The causes of the recession were the interactions of Wall Street bankers taking too much risk, Washington’s overzealous push of homeownership, and consumers spending too much on credit. Debt exploded, lending standards softened, and oversight melted: it wasn’t too many regulations; the ones in place weren’t enforced. It follows a pattern repeated often in the world economy, the 2000 tech bubble, for example. In the US the Federal Reserve helped to minimize damage.
The unfortunate aspect of such patterns of boom and bust is that economists still haven’t been able to forecast them well enough. Yes, in the recent problem, some now step forward claiming they had done so, but unfortunately, there are analysts who tell us one is coming, while others tell us it won’t. The modeling isn’t precise.
What some companies have found is that it is a good time to increase sales forces. Costco’s, Trader Joe’s, Quip Trip, and Mercadona markets have realized gains of from $4 to $28 in new sales for every dollar in additional payroll. People want good service and are willing to pay for it.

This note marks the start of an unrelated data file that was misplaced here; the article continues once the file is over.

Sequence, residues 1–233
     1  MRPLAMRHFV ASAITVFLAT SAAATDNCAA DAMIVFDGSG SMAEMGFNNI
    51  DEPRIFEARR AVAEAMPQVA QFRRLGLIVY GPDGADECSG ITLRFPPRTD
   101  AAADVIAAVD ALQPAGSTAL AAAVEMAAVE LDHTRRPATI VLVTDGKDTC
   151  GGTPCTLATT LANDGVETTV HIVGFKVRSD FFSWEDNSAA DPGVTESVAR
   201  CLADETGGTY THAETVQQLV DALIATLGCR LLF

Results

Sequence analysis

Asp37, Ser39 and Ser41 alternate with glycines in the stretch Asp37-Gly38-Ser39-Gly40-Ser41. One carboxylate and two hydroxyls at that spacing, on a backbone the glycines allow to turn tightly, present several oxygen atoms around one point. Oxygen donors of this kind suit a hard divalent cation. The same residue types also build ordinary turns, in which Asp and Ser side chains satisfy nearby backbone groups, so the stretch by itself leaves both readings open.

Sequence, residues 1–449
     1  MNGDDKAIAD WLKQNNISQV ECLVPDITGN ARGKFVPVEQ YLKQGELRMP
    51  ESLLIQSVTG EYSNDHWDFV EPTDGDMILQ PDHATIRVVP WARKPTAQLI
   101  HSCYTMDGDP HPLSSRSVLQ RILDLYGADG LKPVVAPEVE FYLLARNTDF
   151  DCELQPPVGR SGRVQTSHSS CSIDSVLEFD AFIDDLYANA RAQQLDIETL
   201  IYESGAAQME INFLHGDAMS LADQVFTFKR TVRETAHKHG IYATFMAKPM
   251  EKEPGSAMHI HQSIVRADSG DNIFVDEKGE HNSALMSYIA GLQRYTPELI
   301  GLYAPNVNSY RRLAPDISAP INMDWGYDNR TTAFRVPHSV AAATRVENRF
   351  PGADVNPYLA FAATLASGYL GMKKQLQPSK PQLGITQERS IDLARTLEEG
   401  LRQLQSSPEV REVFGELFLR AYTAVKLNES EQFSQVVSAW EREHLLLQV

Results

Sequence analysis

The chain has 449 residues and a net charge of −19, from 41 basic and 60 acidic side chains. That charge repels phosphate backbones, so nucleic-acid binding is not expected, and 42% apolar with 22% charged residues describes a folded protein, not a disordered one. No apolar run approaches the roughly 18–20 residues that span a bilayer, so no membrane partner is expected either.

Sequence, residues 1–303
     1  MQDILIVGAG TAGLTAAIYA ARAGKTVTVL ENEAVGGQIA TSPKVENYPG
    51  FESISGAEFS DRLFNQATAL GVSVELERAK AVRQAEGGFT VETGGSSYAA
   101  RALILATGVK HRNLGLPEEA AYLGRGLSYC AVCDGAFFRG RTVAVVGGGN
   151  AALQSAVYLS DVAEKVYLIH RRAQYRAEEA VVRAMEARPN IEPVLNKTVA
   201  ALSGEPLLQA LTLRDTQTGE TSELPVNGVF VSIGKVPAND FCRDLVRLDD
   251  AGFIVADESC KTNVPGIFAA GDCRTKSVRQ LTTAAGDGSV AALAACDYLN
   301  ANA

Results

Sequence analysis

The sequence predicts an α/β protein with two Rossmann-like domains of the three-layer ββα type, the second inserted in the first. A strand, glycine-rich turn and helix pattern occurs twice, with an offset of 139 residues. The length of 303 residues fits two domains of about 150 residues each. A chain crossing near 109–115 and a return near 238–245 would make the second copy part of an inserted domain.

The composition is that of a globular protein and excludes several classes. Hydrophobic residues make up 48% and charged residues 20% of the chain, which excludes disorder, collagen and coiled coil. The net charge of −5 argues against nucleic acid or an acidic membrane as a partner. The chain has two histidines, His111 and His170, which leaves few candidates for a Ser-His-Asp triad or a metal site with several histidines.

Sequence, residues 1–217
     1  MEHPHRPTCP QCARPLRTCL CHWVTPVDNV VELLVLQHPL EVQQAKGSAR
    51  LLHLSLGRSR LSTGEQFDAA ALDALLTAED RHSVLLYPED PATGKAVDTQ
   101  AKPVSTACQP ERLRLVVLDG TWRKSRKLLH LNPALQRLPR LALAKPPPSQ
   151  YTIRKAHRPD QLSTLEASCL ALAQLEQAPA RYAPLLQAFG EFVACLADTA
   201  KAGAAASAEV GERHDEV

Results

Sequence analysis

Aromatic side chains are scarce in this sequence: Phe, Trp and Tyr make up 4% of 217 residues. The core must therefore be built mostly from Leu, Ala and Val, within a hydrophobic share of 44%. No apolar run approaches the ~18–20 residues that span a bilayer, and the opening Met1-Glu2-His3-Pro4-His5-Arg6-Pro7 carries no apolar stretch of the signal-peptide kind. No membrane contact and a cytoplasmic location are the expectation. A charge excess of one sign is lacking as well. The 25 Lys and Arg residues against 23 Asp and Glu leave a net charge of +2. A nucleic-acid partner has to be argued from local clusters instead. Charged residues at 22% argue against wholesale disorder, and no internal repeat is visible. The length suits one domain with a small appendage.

The recovery has brought GDP back, higher productivity, and rebounding stock markets. The major problem we still face is unemployment. The recession was deeper than first imagined. Job growth, while on a par with earlier recessions, will still require retraining to new market needs, and the creation of new fields requiring new skills. In addition to sales, whole new industries must be built.